What did you guys do this week? 

The Road to "My Compass Home": Pinspired

Wednesday, March 14, 2018

{After The Storm by Mumford & Sons.}
Credit: Mumford & Sons lyrics,
from losing-every-extra-pound.tumblr.com

Using visual aids for your writing is always helpful.  Between nice quotes or aesthetic photos that remind you of your book or the mood you want to convey for that certain scene, it's always helpful to look up reference photos--nor is it shameful or unimaginative to need visual aids for inspiration!  I didn't begin compiling images for the Faith, Hope, and Love collection until recently, but it's been very useful.  On the left, you can see an excellent photo with lyrics from a Mumford & Sons song, "After the Storm."  I was very excited to find this on Pinterest, because it solidified a major theme throughout these books.

As you may know if you've read Welcome Home, you'll know that it was inspired by the entirety of 1 Corinthians 13. The idea for it came around in a funny way, actually.  My church's youth group was challenged to memorize the entire chapter, and for everyone who memorized the chapter, the youth group leader would donate some money to Samaritan's Purse.  As I was reading that chapter over and over again, it struck me that everyone needs to understand the depth of it; what love really is, not just the lustful, selfish ideals that are tossed around in society today.  I decided that every book I ever authored would have those themes featured prominently, but since this series was built around those verses, they are exemplified and magnified.  Whether in chapter openers or through the themes woven in the content, 1 Corinthians 13 is the foundation of the Faith, Hope, and Love collection...in case you didn't know from the title of the collection itself!  

Anyway, back to the song: this group of lyrics relates to 1 Corinthians 13 as well as the storyline for this series because it seems as if the person that the song is about has been hurt deeply on several levels, including love.  Lucy and Spence have both been affected by poor foster/adoptive homes, and in the forthcoming books, Morgan and Levi will be exploring their rocky past relationships  in light of new ones.  Yes, they must find the difference between lust and love, and in today's society, more people desire a lustful, casual relationship than selflessness, commitment, and loyalty--which are hallmarks of love as described in the Bible.  And yes, of course they have grace in their hearts--God's forgiving grace; they just have to find it and seize that forgiveness and love!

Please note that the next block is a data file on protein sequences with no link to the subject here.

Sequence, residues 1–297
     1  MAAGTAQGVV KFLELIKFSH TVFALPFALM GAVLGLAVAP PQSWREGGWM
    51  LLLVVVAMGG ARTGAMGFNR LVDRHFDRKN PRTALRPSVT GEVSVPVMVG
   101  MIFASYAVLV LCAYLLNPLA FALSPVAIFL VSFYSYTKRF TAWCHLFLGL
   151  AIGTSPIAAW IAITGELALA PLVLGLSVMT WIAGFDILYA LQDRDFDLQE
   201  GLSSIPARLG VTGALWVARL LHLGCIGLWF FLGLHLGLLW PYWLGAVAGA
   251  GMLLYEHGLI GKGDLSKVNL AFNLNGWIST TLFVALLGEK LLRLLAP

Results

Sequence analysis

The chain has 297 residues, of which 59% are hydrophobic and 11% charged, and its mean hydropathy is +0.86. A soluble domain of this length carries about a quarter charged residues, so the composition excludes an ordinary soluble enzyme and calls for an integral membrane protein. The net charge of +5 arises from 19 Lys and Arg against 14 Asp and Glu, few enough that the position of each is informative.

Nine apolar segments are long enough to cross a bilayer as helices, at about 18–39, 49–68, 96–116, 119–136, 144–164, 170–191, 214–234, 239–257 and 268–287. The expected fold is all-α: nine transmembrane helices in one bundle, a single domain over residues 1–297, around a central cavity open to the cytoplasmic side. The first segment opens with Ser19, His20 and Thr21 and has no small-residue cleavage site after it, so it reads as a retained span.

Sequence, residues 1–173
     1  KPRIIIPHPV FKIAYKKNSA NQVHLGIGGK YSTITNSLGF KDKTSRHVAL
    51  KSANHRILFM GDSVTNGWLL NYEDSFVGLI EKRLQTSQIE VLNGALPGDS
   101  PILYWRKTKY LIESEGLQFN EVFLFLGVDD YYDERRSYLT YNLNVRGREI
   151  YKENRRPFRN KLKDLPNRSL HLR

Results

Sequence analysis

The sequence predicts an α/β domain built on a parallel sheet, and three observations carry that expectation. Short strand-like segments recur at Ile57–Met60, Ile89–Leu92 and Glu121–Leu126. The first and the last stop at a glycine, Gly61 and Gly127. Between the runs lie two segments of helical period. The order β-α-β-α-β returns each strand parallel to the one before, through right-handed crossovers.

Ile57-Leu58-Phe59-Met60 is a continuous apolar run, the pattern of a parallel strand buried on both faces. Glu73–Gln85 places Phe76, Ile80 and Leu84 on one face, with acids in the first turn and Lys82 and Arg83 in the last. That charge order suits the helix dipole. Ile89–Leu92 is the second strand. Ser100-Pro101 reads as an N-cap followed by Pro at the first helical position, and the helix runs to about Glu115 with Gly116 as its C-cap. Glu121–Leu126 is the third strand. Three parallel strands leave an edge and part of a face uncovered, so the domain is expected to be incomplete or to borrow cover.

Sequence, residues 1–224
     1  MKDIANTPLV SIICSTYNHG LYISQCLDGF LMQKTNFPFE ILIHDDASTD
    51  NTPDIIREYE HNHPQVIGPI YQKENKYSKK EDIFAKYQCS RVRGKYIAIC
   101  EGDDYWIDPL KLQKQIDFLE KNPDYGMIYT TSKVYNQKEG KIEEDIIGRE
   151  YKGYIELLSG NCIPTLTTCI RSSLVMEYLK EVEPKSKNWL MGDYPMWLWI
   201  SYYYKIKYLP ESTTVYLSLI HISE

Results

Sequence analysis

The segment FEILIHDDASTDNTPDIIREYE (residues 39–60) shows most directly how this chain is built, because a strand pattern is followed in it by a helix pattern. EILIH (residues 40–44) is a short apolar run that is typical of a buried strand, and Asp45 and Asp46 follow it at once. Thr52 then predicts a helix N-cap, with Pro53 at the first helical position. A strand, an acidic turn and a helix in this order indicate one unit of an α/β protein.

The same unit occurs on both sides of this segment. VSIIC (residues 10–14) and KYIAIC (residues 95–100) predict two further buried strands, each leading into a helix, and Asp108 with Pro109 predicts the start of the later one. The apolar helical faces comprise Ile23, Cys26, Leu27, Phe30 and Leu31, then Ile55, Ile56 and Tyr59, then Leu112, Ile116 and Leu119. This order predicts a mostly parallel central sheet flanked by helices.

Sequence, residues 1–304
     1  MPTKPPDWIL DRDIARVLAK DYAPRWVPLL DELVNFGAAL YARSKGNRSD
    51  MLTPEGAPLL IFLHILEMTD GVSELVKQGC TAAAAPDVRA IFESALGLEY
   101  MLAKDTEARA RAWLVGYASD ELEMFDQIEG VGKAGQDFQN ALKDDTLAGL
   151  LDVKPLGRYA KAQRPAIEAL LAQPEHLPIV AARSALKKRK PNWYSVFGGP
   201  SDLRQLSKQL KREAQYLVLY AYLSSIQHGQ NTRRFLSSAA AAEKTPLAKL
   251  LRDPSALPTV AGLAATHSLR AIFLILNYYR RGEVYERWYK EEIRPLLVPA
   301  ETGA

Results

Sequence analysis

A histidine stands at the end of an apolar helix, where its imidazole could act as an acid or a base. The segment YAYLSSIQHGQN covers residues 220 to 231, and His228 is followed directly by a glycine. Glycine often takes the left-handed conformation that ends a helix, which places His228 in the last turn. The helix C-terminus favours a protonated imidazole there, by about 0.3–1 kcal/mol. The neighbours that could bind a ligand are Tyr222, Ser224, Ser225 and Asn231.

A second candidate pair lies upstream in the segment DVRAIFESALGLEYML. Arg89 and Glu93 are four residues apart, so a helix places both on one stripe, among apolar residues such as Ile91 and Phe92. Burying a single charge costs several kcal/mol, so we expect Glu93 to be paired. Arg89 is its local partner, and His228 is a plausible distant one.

Finding God's grace in the disasters of life is always difficult, and that's another thing you'll find on my Pinterest board: a lot of quotes about heartbreak and pasts that can't be healed, nor forgotten.  It's fairly self-explanatory that these themes are explored in my books as well, but part of loving like God loves us is to understand that we can heal and that we're loved even if we don't feel like we are.   

On another note, one thing you won't find on my Pinterest board (at least, as I write this post) are character reference photos.  I saved them on my computer once upon a time, but didn't pin them, and then my computer's hard drive crashed and I lost everything.  Back up your files, guys! 

Click HERE to view my Pinterest board dedicated to the series as a whole.